Wednesday, November 22, 2017
   
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Coghead’s PaaSing

It was revealed last night by TechCrunch that one of our platform-as-a-service competitors ran out of funding and is closing its doors. While on one hand it is heartening to see someone in your space, who has done a commendable job helping to bring attention to the space, take such an unfortunate turn, it has also made it even more clear that our approach is the right thing to do.

PaaS is still a game changer, but I really believe that PaaS companies need to have a stabilizer in order to survive. Selling an app platform is a touchy thing. It’s like selling ideas, not some canned product with a few extra options. You don’t walk into a Walmart and pick up an application platform and some milk. That’s because PaaS requires effort on the part of the buyer — an investment of thought, ingenuity and energy at a time when budgets are in the dumper.

If you don’t have a second source of income or a VC sugar daddy who is in it for the long haul, you will see things like this — essentially a failed marriage between funding and business model.

As a competitor, I can truly say that Coghead was a pretty good platform. What they were able to do with public widgets was impressive and their outreach to ISVs definitely filled a market void. But it was starting up as a platform company, not a solution company and any inroad into serious businesses requires real application solutions that capture the power of the platform.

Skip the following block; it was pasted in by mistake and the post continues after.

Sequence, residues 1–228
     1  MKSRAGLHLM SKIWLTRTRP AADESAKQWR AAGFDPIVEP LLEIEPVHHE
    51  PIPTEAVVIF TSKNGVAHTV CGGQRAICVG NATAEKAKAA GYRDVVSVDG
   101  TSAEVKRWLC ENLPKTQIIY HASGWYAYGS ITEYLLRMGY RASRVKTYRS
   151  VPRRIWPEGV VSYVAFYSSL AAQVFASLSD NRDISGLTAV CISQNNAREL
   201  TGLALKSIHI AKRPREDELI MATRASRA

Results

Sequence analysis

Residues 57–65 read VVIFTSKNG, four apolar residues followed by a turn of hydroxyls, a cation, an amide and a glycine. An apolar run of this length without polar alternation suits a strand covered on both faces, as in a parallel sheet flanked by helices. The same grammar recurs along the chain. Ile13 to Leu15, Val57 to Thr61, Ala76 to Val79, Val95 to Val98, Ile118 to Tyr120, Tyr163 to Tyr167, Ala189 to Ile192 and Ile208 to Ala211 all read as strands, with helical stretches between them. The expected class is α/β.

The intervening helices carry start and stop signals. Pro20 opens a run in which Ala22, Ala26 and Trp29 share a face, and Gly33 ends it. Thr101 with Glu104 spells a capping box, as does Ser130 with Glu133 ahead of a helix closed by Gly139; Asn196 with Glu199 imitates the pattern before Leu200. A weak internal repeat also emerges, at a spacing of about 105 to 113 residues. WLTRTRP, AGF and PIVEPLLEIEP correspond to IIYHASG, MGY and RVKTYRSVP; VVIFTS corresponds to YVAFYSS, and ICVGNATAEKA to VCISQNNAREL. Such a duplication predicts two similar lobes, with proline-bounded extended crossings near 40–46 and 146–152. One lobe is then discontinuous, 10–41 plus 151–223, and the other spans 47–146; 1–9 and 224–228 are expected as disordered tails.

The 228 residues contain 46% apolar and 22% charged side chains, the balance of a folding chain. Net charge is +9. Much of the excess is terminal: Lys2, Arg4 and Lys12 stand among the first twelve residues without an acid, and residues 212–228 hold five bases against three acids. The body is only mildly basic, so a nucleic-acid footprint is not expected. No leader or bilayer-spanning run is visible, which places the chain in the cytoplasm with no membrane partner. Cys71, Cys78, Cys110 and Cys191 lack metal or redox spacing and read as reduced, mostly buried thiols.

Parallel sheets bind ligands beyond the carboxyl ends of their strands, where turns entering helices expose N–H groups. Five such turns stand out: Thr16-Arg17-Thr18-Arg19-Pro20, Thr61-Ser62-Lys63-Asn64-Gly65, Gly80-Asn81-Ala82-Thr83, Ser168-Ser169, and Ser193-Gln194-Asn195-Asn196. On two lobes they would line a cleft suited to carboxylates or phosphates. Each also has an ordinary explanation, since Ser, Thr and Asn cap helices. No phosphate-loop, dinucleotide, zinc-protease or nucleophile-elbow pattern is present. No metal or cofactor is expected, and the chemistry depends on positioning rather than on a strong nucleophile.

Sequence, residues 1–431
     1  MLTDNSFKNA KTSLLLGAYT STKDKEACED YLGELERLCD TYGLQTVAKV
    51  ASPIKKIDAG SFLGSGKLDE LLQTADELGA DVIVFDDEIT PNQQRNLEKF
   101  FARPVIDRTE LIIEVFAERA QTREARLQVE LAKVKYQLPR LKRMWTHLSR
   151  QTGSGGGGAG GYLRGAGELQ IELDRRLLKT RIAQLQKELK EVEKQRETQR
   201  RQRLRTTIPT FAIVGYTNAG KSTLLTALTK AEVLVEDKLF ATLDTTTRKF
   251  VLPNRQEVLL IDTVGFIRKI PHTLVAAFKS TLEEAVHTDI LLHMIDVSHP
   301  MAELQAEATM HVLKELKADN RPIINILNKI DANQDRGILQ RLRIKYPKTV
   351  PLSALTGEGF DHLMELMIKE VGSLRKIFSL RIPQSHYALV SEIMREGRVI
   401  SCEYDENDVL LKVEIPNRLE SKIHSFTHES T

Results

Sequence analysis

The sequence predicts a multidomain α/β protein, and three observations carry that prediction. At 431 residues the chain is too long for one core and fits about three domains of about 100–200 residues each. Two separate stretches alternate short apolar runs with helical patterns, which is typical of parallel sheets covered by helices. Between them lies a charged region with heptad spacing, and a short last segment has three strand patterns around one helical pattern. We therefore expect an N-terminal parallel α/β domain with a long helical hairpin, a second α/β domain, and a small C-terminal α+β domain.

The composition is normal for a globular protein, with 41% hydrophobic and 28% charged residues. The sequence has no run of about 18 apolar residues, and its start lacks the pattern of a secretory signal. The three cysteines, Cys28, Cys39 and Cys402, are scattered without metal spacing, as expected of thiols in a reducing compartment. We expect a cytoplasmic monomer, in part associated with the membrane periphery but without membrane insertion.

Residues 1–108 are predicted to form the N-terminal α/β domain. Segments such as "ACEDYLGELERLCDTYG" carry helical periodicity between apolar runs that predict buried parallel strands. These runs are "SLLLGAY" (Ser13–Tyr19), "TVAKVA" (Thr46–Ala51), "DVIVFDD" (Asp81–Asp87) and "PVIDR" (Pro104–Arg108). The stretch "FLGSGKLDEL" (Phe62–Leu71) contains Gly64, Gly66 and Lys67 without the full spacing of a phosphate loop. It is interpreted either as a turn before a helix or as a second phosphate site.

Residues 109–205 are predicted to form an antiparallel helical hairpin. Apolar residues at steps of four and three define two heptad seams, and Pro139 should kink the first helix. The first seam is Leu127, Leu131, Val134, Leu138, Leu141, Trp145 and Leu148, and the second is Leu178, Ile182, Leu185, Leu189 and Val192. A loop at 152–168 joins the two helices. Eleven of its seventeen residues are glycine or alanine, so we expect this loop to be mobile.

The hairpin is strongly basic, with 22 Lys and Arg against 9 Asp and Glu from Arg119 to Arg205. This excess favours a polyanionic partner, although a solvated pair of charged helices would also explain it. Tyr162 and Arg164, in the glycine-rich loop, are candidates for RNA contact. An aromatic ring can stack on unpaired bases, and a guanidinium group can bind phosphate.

If someone were looking to put their eggs into a platform-as-a-service for a solution, they should take a look at the company itself and make sure it’s viable. Otherwise, yes, there is a risk. Even the heavily touted Salesforce.com has it’s own traditional revenue stream to offset the costs of a PaaS push and their platform is also a risk to lock-in, customer ownership, etc.

We’re proud to say that LongJump has never raised a dime of VC funding, we’re a profitable operation thanks to not firing up all engines all the time, a suitable other line of business in both Relationals and LongJump.com, and we’re making hey with our platform play by listening to customers tell us what they need. And we shall continue to strive by making the platform meet the needs of the businesses it intends to serve, not the other way around.

“Get busy livin’ or get busy dyin’”


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